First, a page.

It’s been nearly 50 years since Flannery O’Connor died at the age of 39 in 1964, but her short stories are still fresh and powerful, built around a grotesque realism that is hard to shake. This is marvelous stuff, but be forewarned, there’s a chance these stories will haunt your mind a little after you read them.
A Good Man Is Hard to Find and Other Stories was O’Connor’s first book of short stories, published in 1955 when she had already suffered for several years from the lupus that would eventually kill her. The title story is perhaps my favorite story ever, the tale of a family vacation gone terribly wrong, first through the endless grousing of a domineering grandmother, then by an encounter with something even darker. Any reader who understands foreshadowing will know where O’Connor is going in this story, but still won’t quite believe the resolution.
In “Good Country People,” a woman with a sense of moral superiority and an artificial leg tries to seduce a simple-seeming country bible salesman and suffers a jarring humiliation for her efforts. “The Displaced Person” turns the ideal of the American immigrant on its ear, following a Polish war refugee who remakes himself in America, only to find that the locals won’t tolerate his success, even if it means their own downfall. In “The Life You Save May Be Your Own,” a woman’s charity for a drifter twists into something darker when she tries to force the man into marrying her handicapped daughter.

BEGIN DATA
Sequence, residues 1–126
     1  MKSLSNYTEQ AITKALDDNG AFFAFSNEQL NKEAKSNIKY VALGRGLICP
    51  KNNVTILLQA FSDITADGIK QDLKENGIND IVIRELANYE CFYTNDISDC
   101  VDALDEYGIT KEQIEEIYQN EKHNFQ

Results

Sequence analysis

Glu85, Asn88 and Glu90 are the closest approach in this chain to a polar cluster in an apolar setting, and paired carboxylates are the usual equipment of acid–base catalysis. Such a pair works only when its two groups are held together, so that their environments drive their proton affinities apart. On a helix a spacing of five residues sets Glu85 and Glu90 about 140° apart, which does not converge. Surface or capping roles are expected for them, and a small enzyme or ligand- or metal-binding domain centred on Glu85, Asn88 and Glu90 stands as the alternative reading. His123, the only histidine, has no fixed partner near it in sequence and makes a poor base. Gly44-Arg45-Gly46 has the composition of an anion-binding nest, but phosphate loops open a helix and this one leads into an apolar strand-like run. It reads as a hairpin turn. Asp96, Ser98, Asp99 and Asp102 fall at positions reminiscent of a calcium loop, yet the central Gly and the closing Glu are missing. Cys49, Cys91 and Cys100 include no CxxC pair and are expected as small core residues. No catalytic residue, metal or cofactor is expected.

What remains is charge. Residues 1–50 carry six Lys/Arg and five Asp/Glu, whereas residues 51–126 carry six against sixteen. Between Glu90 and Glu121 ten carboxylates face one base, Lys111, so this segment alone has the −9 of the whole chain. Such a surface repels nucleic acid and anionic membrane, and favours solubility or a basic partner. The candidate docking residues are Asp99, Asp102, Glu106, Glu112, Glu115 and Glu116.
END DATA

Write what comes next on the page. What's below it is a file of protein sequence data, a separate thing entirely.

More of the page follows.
These are just a few of the great stories in a collection that is the antidote if you’ve suffered from one too many books that overwork the cliches of quirky, funny, harmless folk in the Deep South. O’Connor sees the dangers of violence, racism, religious fanaticism, stubbornness, and hypocrisy that lurk beneath the surface, and what she reveals is terrifying.
Give A Good Man Is Hard to Find or The Complete Stories a try. Even if you’re not normally a connoisseur of the short story, you’ll find these tales satisfying and hard to forget.
Check the WRL catalog for A Good Man Is Hard to Find and Other Stories
Or try O’Connor’s The Complete Stories